Better-Than-Expected Eurozone Industrial Products Dents GBP/EUR Exchange Rate
UPDATE: February’s Eurozone industrial production data bettered forecasts, leaving the Pound Sterling to Euro (GBP/EUR) exchange rate on a weaker footing ahead of the weekend.
Although production saw a contraction on both the month and the year this still represented an improvement on January’s data, encouraging investors to buy into the Euro (EUR).
Lingering worries over the UK’s political outlook also weighed on the GBP/EUR exchange rate this morning.
Prospect of Continued Brexit Uncertainty Weighs on GBP/EUR Exchange Rate
UPDATE: As businesses expressed concern over the prospect of another six months of Brexit-based uncertainty the mood towards Pound Sterling (GBP) remained generally muted.
With MPs still appearing to lack any clear path forward towards an agreeable Brexit deal the GBP/EUR exchange rate remained on a weaker footing.
If the odds of a fresh general election continue to mount this could see the Pound shedding further ground against its rivals.
Latest Brexit Deadline Extension Fails to Boost Pound Sterling Euro (GBP/EUR) Exchange Rate
News that Theresa May had secured a fresh delay to the Brexit deadline failed to shore up the Pound Sterling to Euro (GBP/EUR) exchange rate this morning.
Although the UK is no longer at risk of crashing out of the EU without a deal on Friday investors greeted the news with little sense of enthusiasm, leaving Pound Sterling (GBP) on a weak footing.
As Jane Foley, Senior FX Strategist at Rabobank, noted:
‘Last week European Commission President Tusk signalled his preference for a flexible delay of up to 12 months, so some investors may have been disappointed with the news that the Brexit deadline is now October 31.’
‘Another key reason for GBP’s lacklustre response is that yesterday’s delay serves only to kick the can down the road. The UK has now been saddled with a prolonged period of uncertainty which is likely to exacerbate the pressure on the economy and in particular the profitability of exporters.’
With a sense of uncertainty looking set to hang over the UK economy for the foreseeable future the initial boost to the GBP/EUR exchange rate soon faded.
German Inflation Data Limits Euro (EUR) Exchange Rate Strength
Confirmation that the German consumer price index eased to 1.3% on the year in March limited the appeal of the Euro (EUR), however.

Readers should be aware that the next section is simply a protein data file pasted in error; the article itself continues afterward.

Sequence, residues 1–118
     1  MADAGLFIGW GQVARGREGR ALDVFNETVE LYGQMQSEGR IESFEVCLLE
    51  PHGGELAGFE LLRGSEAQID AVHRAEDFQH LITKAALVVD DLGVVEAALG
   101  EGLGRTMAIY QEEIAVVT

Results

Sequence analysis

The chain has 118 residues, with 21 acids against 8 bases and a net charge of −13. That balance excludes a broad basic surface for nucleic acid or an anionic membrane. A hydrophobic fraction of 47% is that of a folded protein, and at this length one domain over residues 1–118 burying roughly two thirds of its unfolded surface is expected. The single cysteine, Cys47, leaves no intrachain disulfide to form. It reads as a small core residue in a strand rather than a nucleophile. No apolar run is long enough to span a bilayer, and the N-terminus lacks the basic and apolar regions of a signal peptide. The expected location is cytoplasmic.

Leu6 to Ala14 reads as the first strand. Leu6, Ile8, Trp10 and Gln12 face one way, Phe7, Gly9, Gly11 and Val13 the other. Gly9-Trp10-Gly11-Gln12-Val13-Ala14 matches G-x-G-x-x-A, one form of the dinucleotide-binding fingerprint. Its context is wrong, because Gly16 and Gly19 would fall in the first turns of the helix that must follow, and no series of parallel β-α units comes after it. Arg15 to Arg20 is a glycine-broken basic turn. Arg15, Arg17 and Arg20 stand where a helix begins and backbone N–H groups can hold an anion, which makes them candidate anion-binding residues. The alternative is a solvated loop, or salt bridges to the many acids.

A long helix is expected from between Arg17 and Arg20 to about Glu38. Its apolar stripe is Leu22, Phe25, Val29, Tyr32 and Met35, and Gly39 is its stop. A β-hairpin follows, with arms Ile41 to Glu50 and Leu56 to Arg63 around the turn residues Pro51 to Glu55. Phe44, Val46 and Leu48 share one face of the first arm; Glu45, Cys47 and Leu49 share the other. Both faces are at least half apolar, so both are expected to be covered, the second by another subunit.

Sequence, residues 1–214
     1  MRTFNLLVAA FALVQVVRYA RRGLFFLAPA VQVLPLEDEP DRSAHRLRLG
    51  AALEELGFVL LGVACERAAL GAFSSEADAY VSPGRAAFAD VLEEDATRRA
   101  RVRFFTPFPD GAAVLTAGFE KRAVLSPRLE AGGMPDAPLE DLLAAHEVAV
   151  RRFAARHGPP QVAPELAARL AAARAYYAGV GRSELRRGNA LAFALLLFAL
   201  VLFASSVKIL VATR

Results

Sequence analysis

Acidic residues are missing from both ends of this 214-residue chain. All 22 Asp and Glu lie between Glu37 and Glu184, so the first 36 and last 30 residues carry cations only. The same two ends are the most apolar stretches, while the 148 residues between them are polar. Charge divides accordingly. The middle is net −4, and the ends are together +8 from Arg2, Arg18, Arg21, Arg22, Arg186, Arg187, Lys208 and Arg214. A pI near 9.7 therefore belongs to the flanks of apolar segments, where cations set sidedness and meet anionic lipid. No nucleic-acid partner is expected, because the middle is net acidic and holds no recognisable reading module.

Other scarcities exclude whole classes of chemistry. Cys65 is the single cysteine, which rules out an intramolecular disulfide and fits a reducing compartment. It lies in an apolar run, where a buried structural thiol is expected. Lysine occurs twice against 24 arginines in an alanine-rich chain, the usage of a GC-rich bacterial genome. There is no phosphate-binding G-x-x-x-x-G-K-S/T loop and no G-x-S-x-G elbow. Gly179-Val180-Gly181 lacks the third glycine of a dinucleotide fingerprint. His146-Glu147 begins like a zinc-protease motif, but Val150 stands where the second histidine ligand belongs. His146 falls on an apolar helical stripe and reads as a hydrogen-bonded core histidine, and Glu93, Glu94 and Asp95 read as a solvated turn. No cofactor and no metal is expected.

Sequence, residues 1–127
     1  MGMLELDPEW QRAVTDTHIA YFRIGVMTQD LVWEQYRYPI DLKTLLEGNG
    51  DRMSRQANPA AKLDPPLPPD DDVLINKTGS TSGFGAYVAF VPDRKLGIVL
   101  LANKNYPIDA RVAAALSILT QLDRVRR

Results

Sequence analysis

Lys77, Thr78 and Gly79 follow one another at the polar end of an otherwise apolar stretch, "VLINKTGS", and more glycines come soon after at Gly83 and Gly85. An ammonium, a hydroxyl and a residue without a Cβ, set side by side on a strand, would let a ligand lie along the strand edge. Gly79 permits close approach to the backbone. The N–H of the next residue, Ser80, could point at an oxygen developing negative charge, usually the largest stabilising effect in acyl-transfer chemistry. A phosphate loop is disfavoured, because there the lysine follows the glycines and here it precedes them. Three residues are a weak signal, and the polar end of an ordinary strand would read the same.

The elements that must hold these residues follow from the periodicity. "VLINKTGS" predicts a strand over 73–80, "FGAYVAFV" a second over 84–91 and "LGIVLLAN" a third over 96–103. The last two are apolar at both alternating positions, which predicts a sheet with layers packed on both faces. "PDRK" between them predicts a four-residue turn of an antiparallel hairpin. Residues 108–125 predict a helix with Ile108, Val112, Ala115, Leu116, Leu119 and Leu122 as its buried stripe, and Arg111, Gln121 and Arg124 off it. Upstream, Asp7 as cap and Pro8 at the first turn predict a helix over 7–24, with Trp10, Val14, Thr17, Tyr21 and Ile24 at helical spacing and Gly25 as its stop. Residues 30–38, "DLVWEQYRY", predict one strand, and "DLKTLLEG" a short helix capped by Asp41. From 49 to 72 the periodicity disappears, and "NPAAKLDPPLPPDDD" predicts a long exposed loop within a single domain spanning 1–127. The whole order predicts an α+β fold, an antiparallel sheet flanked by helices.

As inflationary pressure within the Eurozone remains lacklustre EUR exchange rates struggled to find any fresh traction this morning.
Following on from yesterday’s dovish European Central Bank (ECB) policy announcement this weaker reading adds to evidence that policymakers will keep interest rates on hold for some time to come.
The latest global growth warning from the International Monetary Fund (IMF) also put pressure on the single currency, with confidence in the Eurozone’s economic outlook already limited.
Lack of Brexit Agreement Progress May Keep GBP/EUR Exchange Rate Under Pressure
Unless there are tangible signs of progress towards a Brexit deal the GBP/EUR exchange rate is likely to remain on the back foot.
With signs of elevated stockpiling already apparent within the manufacturing sector the prospect of an elongated period of uncertainty looks set to weigh down the UK economy in the coming months.
Even though February’s UK gross domestic product data appeared to shrug off much of the anxiety over Brexit this strength could prove fragile.
If Conservative MPs continue to push back against the extended deadline, meanwhile, investors may see limited incentive to buy back into Pound Sterling.
Weakening Eurozone Industrial Production to Weigh on Euro (EUR)
The Euro could weaken ahead of the weekend, meanwhile, as forecasts point towards a month of contraction in the latest Eurozone industrial production data.
If production falls -0.6% on the month as anticipated EUR exchange rates could come under increased pressure as confidence in the economic outlook deteriorates.
Without evidence of greater resilience within the Eurozone economy the Euro may struggle to capitalise on the relative weakness of the Pound.
However, evidence of a stronger month of industrial production could still see the GBP/EUR exchange rate recovering some ground tomorrow.